# How is a Majorana fermion created when a s-wave superconductors is in proximity to a topological insulator (e.g. via an antidot)

Kane and Fu proposed a few geometries how to create Majorana zero modes using a s-wave superconductor in proximity to a 3D topological insulator (TI).

I understand that we need the superconductor to induce the particle-hole symmetry and we need the topological insulator to get a protected edge state at zero energy. But overall I must admit that I have no intuitive description for this process. Especially the importance of the Berry phase, the vortex or the magnetic flux quantum is not clear to me. Especially in the so called Antidot-experiment, where there's a hole in a s-wave superconductor on top of a TI and a magnetic flux quantum through this hole creates a Majorana zero mode.

It seems like a big question, but maybe someone can give a simple intuitive answer why we need all these ingredients and end up with a Majorana zero mode.

For a moment let's assume you subscribe to the Hamiltonian used by Fu-Kane to describe the TI surface with an induced superconducting proximity effect, \begin{equation} \mathcal{H}(\mathbf{k})=\left( \begin{array}{cc} H(\mathbf{k}) & i\sigma_y \Delta \\ -i\sigma_y \Delta^* & - H^*(-\mathbf{k}) \end{array} \right)=v_F(\sigma_x k_y-\tau_z\sigma_y k_x) - \tau_z\mu +\tau_y\sigma_y\Delta, \end{equation}

where $H(k)=v_F(\sigma_x k_y-\sigma_y k_x)$ and $\Delta=\Delta(\bf{x})$ some spatially dependent single valued function. The energy eigenvalues for constant $\Delta(x)=\Delta_0$,

\begin{equation} E=\pm\sqrt{|\Delta|^2 +(v_F |\bf{k}|\pm \mu)^2}. \end{equation} Let's assume for a moment that $\mu=0$, for without this condition you get flat-band Majoranas (ArXiv: http://arxiv.org/abs/1207.5534 PRB: http://link.aps.org/doi/10.1103/PhysRevB.86.161108 shameless self-publicity). The energy eigenvalues will be written as \begin{equation} E=\pm\sqrt{|\Delta|^2 +(v_F \,k)^2}. \end{equation} This energy dispersion does not pass through $E=0$ and is not linear, $E\propto k$, but if we did set $\Delta=0$ the energy dispersion does fall into the form of a linear Dirac-like spectrum, $E=\pm v_F\,k$. But, how can we set $\Delta=0$ in a superconductor? The answer first provided by Jackiw-Rebbi (http://link.aps.org/doi/10.1103/PhysRevLett.37.172) and then by Read-Green (http://link.aps.org/doi/10.1103/PhysRevB.61.10267).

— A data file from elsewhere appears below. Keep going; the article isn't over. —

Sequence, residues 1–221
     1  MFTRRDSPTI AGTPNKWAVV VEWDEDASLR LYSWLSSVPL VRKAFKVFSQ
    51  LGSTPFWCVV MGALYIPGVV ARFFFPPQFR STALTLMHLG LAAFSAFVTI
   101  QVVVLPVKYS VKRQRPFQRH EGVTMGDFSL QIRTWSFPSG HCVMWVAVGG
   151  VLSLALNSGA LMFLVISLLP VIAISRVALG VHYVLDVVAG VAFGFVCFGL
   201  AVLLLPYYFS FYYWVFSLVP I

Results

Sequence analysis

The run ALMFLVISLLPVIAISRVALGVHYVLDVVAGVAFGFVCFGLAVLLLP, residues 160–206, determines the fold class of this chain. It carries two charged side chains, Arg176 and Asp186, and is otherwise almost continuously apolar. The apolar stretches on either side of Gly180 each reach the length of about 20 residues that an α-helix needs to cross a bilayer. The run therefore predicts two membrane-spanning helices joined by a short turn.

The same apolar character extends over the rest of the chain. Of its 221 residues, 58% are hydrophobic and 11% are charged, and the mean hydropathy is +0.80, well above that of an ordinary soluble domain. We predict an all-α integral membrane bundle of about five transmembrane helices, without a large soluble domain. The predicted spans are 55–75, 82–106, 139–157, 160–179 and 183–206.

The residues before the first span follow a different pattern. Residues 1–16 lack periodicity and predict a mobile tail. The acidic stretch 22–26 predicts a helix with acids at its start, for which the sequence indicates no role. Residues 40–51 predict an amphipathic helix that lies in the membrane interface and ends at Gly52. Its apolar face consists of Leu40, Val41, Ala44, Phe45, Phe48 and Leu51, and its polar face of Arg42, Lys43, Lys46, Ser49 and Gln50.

The "mass term", in this case $\Delta$ must go through a transition spatially from $+|\Delta(\bf{x})|\rightarrow-|\Delta(\bf{x})|$, which forces $\Delta(\bf{x})=0$ at exactly one point. One way to do this is by having the superconductor be in a vortex where $\Delta(r,\phi)=\Delta(r) e^{i\phi}$. Right at the center of the vortex, $\Delta(r,\phi)$ must go to 0, because there can be no value satisfies the vortex. One one point on the side of the vortex $\Delta(r_0,\phi_0)=|\Delta|$ while the opposite side, $\Delta(-r_0,\phi_0)=\Delta(r_0,\phi_0+\pi)=-|\Delta|$ because of the $e^{i\pi}$ phase difference between the two locations. This allows one location to host the Majorana fermion where the energy dispersion is linear. There are other requirements for the Majorana, but this is what I can offer at the moment. Once my thesis is in complete form (~ two weeks as of this writing), I'll post a link here because I attempt to explain your question in its introduction.

Another perspective to understanding this story is through a simpler model, a Josephson \pi junction. See the first PRB paper referenced above for my attempt at explaining this Majorana through Andreev bound states.